Sons and Servants
Martin Luther, the great Reformer, said, “A Christian is free and independent in every respect, a bondservant to none.” In the very next sentence he stated, “A Christian is a dutiful servant in every respect, owing a duty to everyone.”
We see this reality throughout the Scriptures. Christians have been set free and yet that freedom leads the Christian to duty. As an example, Paul emphasizes this truth to Philemon as he appeals for him to receive Onesimus back. Onesimus is a runaway slave, who has apparently also stolen from Philemon (v. 18). How does Paul appeal to Philemon? He emphasizes the gospel. Paul reminds Philemon multiple times in the first seven verses that he is a child of God, a recipient of grace (v. 1, 3, 5, 6, 7). He will remind Philemon multiple times again before the letter closes (v. 9, 16, 17, 19, 20, 25). Philemon received abundant love, forgiveness, and grace in Christ. Paul implies that this truth matters as we live with others. “Remember the gospel” is Paul’s charge to Philemon.
In fact, Paul will make this appeal directly in verse eight. He tells Philemon that he could command him to do “what is required.” Paul is clearly pointing to Philemon’s duty in Christ. Yet, Paul chooses not to demand based upon his authority as an Apostle, rather he gently appeals to Philemon as he calls to his remembrance the gospel. “What is required” pertains to every recipient of grace.
A Christian husband and wife have hurt one another deeply. There is pain, anger, and even bitterness. Neither is happy. One spouse desires to walk away, believing it is time to start over. This is an all-too-common-scene. As a pastor, I have been in many of these conversations over the years. In those situations, I am bold enough to demand, as Paul said (v. 8), that they remain together, but that accomplishes little. Rather, I have found that when we begin to remember the gospel together and all that this individual received in Christ, what was hard ground begins to soften. Remembering the gospel allows the door of iron that has come upon their heart as result of pain, sorrow, and injury, sometimes through little to no fault of their own, to begin to swing open a little on its hinges. Maybe it is but a crack, but that crack allows gospel grace, love, and forgiveness to find their way in and even to flow out.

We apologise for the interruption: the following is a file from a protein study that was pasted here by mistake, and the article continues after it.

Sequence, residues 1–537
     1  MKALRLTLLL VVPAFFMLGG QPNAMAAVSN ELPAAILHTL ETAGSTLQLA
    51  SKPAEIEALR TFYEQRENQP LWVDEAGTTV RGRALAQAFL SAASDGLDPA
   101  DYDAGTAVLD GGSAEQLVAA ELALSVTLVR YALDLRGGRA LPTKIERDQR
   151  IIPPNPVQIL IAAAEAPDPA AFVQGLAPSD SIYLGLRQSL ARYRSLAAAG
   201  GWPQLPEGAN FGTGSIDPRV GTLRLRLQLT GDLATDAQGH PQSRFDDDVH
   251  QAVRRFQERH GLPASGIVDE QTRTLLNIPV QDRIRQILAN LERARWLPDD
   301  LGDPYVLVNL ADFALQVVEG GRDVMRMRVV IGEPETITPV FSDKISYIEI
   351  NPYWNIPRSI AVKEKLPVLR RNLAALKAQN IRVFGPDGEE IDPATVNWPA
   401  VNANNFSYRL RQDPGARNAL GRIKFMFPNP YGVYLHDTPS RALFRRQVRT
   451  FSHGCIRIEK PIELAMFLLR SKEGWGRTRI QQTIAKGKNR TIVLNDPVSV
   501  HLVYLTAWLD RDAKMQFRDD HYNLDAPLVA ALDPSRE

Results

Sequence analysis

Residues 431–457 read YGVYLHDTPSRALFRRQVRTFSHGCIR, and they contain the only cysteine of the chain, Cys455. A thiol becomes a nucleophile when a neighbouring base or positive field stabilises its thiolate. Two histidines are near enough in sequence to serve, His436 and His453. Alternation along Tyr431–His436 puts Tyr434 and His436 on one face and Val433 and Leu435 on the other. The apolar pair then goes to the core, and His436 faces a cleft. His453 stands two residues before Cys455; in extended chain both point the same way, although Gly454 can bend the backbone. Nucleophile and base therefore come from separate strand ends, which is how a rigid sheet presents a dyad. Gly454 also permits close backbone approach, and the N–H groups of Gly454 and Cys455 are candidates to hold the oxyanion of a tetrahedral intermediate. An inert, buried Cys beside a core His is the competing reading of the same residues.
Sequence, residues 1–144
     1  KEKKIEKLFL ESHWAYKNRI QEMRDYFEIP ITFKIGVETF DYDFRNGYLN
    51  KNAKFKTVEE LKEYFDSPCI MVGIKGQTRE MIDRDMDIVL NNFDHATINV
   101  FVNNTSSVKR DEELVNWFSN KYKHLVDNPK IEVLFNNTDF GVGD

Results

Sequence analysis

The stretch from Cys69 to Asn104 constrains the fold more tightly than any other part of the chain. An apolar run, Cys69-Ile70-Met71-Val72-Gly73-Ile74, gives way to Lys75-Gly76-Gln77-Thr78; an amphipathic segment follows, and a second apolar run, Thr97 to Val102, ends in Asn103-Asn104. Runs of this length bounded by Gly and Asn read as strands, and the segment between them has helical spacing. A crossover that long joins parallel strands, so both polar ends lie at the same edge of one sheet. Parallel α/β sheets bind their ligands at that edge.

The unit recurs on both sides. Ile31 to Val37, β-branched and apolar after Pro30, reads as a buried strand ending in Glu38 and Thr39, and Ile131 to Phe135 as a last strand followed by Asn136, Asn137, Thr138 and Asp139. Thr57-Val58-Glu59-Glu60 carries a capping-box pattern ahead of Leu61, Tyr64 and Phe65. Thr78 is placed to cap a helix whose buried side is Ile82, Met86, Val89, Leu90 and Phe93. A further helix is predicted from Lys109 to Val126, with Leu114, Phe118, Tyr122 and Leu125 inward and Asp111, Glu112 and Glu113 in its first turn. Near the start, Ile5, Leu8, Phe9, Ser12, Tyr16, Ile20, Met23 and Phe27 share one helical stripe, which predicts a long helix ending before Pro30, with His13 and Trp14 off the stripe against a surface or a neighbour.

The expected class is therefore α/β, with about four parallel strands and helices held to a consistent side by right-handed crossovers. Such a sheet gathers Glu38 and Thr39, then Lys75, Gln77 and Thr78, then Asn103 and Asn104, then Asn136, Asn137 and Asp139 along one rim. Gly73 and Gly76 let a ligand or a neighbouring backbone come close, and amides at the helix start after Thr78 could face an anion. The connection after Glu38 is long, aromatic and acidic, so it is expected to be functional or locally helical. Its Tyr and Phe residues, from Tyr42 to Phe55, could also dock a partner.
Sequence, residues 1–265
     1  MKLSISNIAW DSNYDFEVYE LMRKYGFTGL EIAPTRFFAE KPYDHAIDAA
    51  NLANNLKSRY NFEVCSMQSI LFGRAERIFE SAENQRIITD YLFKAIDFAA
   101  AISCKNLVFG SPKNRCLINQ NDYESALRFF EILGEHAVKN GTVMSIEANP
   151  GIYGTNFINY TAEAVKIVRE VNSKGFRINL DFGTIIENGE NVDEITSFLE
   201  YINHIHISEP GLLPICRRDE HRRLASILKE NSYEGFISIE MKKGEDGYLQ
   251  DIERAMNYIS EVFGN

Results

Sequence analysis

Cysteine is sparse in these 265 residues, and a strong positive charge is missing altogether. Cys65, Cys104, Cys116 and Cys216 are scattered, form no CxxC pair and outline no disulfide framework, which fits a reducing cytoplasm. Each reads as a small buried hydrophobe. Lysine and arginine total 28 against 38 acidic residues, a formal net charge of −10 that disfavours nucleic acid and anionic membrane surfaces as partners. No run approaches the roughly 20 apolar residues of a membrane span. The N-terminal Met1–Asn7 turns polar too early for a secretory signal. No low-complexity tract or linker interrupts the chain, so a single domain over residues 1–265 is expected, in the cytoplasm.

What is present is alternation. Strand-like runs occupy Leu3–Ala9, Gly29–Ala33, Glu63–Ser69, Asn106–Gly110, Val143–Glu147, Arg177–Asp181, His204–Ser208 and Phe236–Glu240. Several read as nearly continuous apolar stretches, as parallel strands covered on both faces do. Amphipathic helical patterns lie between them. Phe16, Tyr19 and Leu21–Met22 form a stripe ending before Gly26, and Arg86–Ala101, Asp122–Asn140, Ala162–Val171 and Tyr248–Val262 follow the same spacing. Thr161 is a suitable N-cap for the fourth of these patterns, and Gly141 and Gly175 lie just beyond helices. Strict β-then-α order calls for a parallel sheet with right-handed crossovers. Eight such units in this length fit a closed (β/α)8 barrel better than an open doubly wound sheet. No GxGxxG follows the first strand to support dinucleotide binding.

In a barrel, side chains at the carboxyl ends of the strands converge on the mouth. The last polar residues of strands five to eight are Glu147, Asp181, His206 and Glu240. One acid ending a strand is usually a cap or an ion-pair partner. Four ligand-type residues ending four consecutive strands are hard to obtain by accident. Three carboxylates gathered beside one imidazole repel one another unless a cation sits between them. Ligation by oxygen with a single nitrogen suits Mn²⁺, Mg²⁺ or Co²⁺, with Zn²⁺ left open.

“Remember the gospel Philemon.” It frees us, but it also binds us. That is one of the paradoxes of the Christian life. We are free by God’s grace and are bound to act because of God’s grace. We are a slave to none, but then we are a slave to all. We have been set free from duty and yet now all duty is required of us. “Oh, Philemon, Christ has purchased you, do what is required of you for love’s sake, for Christ’s sake.” Remember the gospel.
The Christian needs this reminder daily. The beauty of the gospel delights our minds and sustains our souls; and it also provides drive, energy, and vision for the will. As it affects our persons, it informs our actions. Never underestimate the power of the gospel to claim lives from death and give them purpose in the present.